Okay, theres a lot of misinformation in this thread.
I know the game business extremely well, having been in it for 25 years. I also know Java in games extremely well having been Sun's Java Game technical evangelist and lecturing Java performance programming expert.
In terms of computational speed, Java beats C++ in many scientific computing benchmarks today. You can write pathological code in either language that performs badly if you want to, but over-all, they are at par and have been for a long time.
In terms of memory usage, Java does have some over-head. HelloWorld is a 4K program in java. But that overhead is pretty meaningless in todays multi GB systems. Finally, Java does have more of a startup time. I would not recommend using Java for short run-time utilities like Unix command line commands. In those cases startup will dominate your performance. In a game however, its fairly insiginficant.
Properly written Java game code does not suffer GC pauses. Just like C/C++ code, it does require some active memory management but not to the level C/C++ does. As long as you keep your memory usage to either long lived objects (persist for an entire level or game) and very short lived objects (vectors and such, passed around and quickly destroyed after calculation) gc should not be a visible issue.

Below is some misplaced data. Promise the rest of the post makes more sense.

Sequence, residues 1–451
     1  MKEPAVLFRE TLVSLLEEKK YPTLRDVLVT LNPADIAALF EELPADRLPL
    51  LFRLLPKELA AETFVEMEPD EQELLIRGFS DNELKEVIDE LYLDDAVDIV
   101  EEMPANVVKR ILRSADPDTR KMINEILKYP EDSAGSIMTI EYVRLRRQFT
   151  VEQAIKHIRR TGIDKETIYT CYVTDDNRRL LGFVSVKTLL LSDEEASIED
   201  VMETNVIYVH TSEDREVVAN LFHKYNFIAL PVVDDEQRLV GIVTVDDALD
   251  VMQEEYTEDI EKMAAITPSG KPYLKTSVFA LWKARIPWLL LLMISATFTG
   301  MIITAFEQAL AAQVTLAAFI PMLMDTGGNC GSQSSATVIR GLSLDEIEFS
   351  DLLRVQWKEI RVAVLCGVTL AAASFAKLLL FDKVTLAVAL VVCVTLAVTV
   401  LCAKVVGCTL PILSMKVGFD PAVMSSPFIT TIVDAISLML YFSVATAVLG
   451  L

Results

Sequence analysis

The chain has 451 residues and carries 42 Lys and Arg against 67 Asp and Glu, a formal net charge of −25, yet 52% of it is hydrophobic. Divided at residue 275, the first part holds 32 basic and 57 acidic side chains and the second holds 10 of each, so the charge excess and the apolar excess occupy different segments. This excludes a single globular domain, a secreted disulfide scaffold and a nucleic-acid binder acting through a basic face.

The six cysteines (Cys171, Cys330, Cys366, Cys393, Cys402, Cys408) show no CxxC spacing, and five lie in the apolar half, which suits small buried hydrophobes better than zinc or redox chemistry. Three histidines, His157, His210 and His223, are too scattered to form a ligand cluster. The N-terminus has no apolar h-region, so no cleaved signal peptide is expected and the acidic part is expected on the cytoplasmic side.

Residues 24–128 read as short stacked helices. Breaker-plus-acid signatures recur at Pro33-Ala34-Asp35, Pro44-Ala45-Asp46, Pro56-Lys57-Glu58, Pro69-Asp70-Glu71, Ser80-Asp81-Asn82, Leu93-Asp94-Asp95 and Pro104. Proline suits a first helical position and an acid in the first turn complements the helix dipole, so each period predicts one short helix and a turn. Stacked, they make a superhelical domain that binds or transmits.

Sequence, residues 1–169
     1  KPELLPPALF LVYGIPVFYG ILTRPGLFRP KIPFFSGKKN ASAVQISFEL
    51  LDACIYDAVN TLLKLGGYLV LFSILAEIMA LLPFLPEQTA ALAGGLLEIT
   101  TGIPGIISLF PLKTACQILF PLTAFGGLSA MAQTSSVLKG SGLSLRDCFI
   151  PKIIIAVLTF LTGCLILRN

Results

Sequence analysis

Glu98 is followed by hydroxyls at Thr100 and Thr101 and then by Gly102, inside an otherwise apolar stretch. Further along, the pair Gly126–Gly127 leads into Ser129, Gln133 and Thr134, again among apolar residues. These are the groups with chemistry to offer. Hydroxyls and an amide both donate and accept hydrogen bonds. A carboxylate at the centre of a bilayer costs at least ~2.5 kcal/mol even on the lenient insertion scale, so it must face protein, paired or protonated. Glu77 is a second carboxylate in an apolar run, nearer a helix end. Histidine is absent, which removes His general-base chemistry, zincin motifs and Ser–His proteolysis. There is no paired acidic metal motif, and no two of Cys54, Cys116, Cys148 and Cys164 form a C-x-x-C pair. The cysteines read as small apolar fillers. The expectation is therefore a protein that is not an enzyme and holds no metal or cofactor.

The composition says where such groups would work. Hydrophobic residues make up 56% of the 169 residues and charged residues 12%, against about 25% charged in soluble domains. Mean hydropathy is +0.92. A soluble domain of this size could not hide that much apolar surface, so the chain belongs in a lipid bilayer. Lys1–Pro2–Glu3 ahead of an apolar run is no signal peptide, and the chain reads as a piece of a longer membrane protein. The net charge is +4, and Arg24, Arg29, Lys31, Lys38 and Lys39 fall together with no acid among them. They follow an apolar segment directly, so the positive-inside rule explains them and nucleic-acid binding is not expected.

In terms of direct memory access, Java has had that for a LONG time; since Java 1.4 in the form of Native Direct Byte Buffers. Bit twiddling in Java can be slightly annoying due to the lack of unsigned integer types but the work rounds are all well known and not terribly onerous.
While its true Java has never had a Direct3D binding, thats because Java technologies strive for portability. It has TWO OpenGL bindings (JOGL and LWJGL) and OpenAL binding (JOAL) and a portable input binding (JInput) that binds under the hood to DirectInput on Windows, HID Manager on OSX, and a Linux binding (I forget which).
Its true that no complete game engines have featured Java the way, say Unity, has featured C# and that is a weakness in the independent space. On the other hand, there were two good Scenegraph level APIS that were totally platform portable across Windows, OSX and Linux. Both written by Josh Slack, the first was called JMonkey engine and the second Ardor3D.
The top poster is correct that the two biggest things that held Java back in game development were prejudice and portability. The latter was the biggest issue. Although you could write a Java game and ship it on Windows, OSX and Linux, there was never a console VM. This was due to total ineptitude in Sun middle management. The few of us working on Java in games actually had deals with Sony no less then 3 times to get a VM on a Playstation and all 3 times Sun middle management killed it.
While Sun flirted with client technologies, the fact of the matter is that Sun management never got consumer products. Thats why Java as a client language from Sun never succeeded in any form, and why it took Google and Dalvik (the Android java-like VM) to make Java a platform success anywhere.
And thats why I code games in C# today. Because Mono went where Sun management refused to.